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I Think I Can’t: Lack of Confidence in Math Keeps Girls Out of Lucrative STEM Careers

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April 18, 2017 11:10 am

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The rate at which women enroll in four-year colleges and complete bachelor’s degrees continues to outpace the rate for men. In fact, by 2025 women will represent nearly 60 percent of all university students. Yet despite their growing numbers on college campuses, women remain a small minority among students majoring in physical, engineering, mathematics, and computer (PEMC) sciences. It seems that personal beliefs about their math skills, and not actual math ability, in high school keep young women out of PEMC college classes and careers, according to new research from Florida State University (FSU).

The FSU study examines boys’ and girls’ perceptions of their math abilities in tenth and twelfth grade. The researchers analyzed longitudinal data to determine whether variations in those perceptions influence which students pursue advanced science courses in high school and PEMC majors in college. Overall, boys rate their math skills 27 percent higher than girls do, regardless of either group’s actual demonstrated math ability, according to Gendered Pathways: How Mathematics Ability Beliefs Shape Secondary and Postsecondary Course and Degree Field Choices. In fact, the gender gaps are largest among the most talented tenth- and twelfth-grade math students, as the graphs from the report show below. That means among students who demonstrate the highest potential for future success in math and science careers, girls have less confidence in their math abilities than academically-matched boys do, even though the girls are equally capable.

STEM blog graphs

“That’s important because those confidence levels influence the math and science courses students choose later in high school,” says Lara Perez-Felkner, assistant professor of higher education and sociology at FSU’s college of education and the study’s lead researcher. “It influences whether they choose colleges that are strong in certain science majors. It also influences the majors they intend to pursue and the majors they actually declare and continue on with in degrees and potential careers.”

In fact, Perez-Felkner and her team find that students’ tenth-grade perceptions of their math skills are the most influential predictor of a student’s likelihood of completing advanced science course work. After controlling for variables in students’ background characteristics and objective math ability, girls are 24 percent less likely than boys to complete advanced science courses in high school, the study says. Once those students reach postsecondary education, girls have a 4.7 percent chance of declaring PEMC majors, while boys have a 14.9 percent chance. But “[g]irls’ chances of choosing these [PEMC] majors more than tripled as their ability beliefs increased from low to high, even while controlling for key background, secondary school, and postsecondary characteristics,” the report explains. That means “increasing girls’ beliefs about their ability with challenging mathematics can raise their probability of majoring in PEMC fields,” the study says.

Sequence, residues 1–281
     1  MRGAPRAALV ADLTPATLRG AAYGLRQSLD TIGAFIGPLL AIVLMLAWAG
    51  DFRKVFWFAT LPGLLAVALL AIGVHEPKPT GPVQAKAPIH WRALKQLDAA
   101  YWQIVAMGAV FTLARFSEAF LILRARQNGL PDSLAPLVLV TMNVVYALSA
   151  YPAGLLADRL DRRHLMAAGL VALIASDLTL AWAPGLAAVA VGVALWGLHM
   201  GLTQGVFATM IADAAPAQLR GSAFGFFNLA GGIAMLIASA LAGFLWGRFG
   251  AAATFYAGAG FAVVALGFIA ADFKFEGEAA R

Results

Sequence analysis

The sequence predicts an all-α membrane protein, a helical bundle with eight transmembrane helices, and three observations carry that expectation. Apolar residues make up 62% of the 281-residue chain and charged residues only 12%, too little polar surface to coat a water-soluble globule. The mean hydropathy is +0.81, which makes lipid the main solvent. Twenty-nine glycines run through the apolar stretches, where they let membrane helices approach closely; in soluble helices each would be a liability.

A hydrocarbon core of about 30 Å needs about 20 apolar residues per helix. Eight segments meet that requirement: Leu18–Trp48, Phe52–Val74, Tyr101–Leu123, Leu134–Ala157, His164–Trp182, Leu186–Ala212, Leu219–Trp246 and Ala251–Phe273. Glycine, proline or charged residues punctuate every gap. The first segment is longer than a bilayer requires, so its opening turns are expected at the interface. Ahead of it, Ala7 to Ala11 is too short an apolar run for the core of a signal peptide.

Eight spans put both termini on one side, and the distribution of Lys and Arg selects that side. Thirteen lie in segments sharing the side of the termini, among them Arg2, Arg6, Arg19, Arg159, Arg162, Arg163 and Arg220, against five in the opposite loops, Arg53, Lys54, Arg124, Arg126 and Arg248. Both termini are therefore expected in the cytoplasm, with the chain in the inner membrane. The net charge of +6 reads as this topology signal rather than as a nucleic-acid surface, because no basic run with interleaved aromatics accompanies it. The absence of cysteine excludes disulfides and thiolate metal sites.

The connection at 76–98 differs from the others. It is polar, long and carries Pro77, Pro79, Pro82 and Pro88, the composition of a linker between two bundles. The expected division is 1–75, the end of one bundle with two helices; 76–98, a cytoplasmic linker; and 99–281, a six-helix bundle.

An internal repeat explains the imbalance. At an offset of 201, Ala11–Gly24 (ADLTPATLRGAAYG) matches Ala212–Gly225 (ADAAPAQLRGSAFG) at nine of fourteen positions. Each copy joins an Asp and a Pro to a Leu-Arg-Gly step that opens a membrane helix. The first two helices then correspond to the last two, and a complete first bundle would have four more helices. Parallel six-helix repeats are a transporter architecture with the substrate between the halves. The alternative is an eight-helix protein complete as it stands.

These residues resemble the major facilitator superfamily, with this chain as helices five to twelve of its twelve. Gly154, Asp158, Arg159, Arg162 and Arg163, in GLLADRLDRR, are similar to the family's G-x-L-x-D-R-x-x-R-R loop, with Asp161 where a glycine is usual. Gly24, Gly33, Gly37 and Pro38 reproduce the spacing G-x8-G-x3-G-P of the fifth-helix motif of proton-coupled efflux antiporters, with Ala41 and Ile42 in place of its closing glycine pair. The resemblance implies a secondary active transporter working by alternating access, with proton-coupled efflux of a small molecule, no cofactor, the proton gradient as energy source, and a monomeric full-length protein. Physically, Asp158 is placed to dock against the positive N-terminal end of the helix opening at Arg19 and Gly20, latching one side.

Additionally, increasing women’s presence in PEMC majors—and, by extension, in PEMC careers—could address persistent earning gaps between women and men. “Mathematics-intensive science fields are expected to constitute an increasing share of the labor market,” the study says, and PEMC fields offer some of the most lucrative careers. Nine of the ten highest paying majors are in engineering fields alone, according to the Georgetown Center on Education and the Workforce. Furthermore, the gender gap in earnings is smaller in PEMC fields, the FSU study adds. While the average U.S. woman earns just 78 percent of what her male colleagues earn, female computer programmers, for instance, earn 92 percent as much as their male peers, according to the FSU study.

Because girls have more negative perceptions of their math abilities, they may steer away from scientific careers if they encounter challenges in their math course work, the study notes. Programs that help girls build resilience along with social support from teachers, parents, and peers can help girls overcome their lower beliefs about their math abilities, the study adds.

“It is difficult to change societal associations between gender and mathematics ability, which boys and girls experience and may internalize early,” the FSU study says. “[T]his research implies the need for continued investment in efforts to generate and sustain creative, multi-pronged approaches to help more talented and ambitious girls see themselves as—and become—scientists.”

Kristen Loschert is editorial director at the Alliance for Excellent Education.

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